“Islam began as a something strange and it will return to being strange, so blessed are the strangers/outlandish ones.”

Prophet Muhammad (SAW), Sahih Muslim

An interesting video by the Yaqeen Institute:


Sadia Ahmed J., 2020

In Sujood

It is about adaptability.

Though our to-do lists and routines do help us in some ways: they provide for us at least some mental clarity, the alleviation of at least some uncertainties [What to do now? And what to do next?] …

We have come to learn that life is very much about adaptability. There is no rigid manual that tells us what to do in every moment; there are no guarantees about what any coming moment shall bring with it.

There is this rainfall. There are those unexpected happenings; those people you happen to come by, cross paths with, even briefly.

There are each of these days of ours. And yes, though some of our lines are straighter than some of our other ones, there are all of these twists and these turns within our lives that we shall necessarily encounter. Inevitable. You do not get to build your steadfast castles here, and time is made to ceaselessly move on.

What if I told you that the stuff of this first life of ours is essentially cluttered and cumbersome? Things change; get swept away with little gusts of wind. You attempt to simplify, simplify, and all the while: new dilemmas, problems, struggles, are made to arise.

Sand-like, these worldly attempts at permanence, constancy, faultlessness, immortality, power over our own selves. We find we are fundamentally mistaken. And that we must learnt to focus on those things that are a little more substantial (i.e. what our souls are earning,) instead. Bring it all back to Truth, to what we know, at least five times a day: only these things (and one day we will come to know this) are made of materials that are truly fulfilling, for us: that last.

First life, to last. Journey and destination.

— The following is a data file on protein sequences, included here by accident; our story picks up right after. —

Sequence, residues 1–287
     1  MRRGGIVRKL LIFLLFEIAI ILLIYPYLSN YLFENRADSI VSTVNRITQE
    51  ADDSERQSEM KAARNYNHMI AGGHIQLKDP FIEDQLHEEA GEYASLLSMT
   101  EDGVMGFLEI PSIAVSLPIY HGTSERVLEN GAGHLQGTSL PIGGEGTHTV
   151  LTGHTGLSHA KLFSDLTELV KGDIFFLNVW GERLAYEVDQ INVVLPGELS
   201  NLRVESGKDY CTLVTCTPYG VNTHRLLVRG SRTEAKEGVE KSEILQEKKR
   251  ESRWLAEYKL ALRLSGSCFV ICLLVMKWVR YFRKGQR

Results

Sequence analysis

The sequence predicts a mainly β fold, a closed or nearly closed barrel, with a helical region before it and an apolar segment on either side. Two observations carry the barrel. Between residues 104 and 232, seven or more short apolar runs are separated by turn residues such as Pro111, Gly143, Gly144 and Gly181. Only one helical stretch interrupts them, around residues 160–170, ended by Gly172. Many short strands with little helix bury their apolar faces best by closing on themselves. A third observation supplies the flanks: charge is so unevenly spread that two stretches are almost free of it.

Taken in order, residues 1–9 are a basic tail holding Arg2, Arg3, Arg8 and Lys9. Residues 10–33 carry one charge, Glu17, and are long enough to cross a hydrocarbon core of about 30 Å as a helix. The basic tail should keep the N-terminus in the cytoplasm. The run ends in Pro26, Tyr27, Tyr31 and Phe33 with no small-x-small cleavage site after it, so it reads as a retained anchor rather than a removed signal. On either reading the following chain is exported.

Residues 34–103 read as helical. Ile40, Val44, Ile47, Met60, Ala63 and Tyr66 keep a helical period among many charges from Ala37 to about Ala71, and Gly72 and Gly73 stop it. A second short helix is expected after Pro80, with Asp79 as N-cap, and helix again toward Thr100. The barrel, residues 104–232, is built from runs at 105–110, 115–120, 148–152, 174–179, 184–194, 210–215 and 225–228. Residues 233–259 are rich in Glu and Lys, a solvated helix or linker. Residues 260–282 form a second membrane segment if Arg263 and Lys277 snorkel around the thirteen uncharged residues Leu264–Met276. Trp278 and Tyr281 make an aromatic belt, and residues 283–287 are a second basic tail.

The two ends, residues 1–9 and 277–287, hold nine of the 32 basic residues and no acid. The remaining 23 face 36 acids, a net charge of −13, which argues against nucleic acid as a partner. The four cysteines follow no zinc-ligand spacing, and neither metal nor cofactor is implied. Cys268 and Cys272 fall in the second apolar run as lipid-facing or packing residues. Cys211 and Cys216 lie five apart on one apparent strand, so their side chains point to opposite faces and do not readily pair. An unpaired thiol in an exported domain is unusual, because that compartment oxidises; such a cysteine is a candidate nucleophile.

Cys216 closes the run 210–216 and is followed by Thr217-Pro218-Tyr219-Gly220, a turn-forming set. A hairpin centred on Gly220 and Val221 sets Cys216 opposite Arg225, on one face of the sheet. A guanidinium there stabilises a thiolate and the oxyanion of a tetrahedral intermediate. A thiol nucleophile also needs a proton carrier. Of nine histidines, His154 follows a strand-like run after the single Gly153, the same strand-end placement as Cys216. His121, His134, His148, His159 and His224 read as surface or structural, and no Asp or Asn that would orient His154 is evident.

I think, at times, I have tried to control things a little too much. ‘Write things down’, make lists, neaten certain things up, plan and idealise. But then: global pandemics happen, sometimes, or I did not manage, for this reason or the other, to catch a good night’s sleep that night, so now this morning is being spent in a hurry… I plan, but I find I do not know much at all. I am only a visitor, here. Temporary, and a traveller.

There are, interspersed throughout our days, little obstacles, as well as little opportunities. Things that sort of stay the same; things that change and change and change. We are not in control, here. Not sufficient in and of and for ourselves. It is Ar-Razzaq who is our Sustainer, our Ultimate Provider.

So how ought we to learn to live, here? We must accept the reality of Dunya: the reality that we already, deep down, know. Glass half full, and half empty. And we must learn to ‘flow’, and move with it all. Pick up the good, know the bad. Seek the Khayr in it all – all of it – somehow. It is always there.

We fall, and we get up. And we make these plans, but they are penned in impermanent inks, through fundamentally unknowing nibs. Erase that, scrap that, try again. Look at the resources we have access to; try to, in a way centred on ‘rugged charm’, make do, carry on. Make it beautiful. We live, experience, we get through. Adaptability, we find, is already a key element of our human constitutions.

Witness the flurries of our days, and sit amid those moments of calm. Meet new situations in life – unforeseeable ones – and adapt to them. Take life as it comes: our plans and such are only rough outlines. Drawings in sand – somewhat useful – as opposed to carvings in stone.

What is Dunya, but dirt — first within our skin, and then beneath our feet. And then we are buried in it; we stay there for a while.

While we have the ability to, we must return to Allah, over and over again: however many tries it takes to really feel like we are there. Make all these choices; choose to walk this way, or that. Here, we are campers. Our main concerns ought to be survival: ‘enough’, materially, and as much as we can, spiritually. Look up at the sky for reminders; remember Time, from time to time, and we come to locate Earthly peace and home, right here,

in Sujood.


Sadia Ahmed J., 2020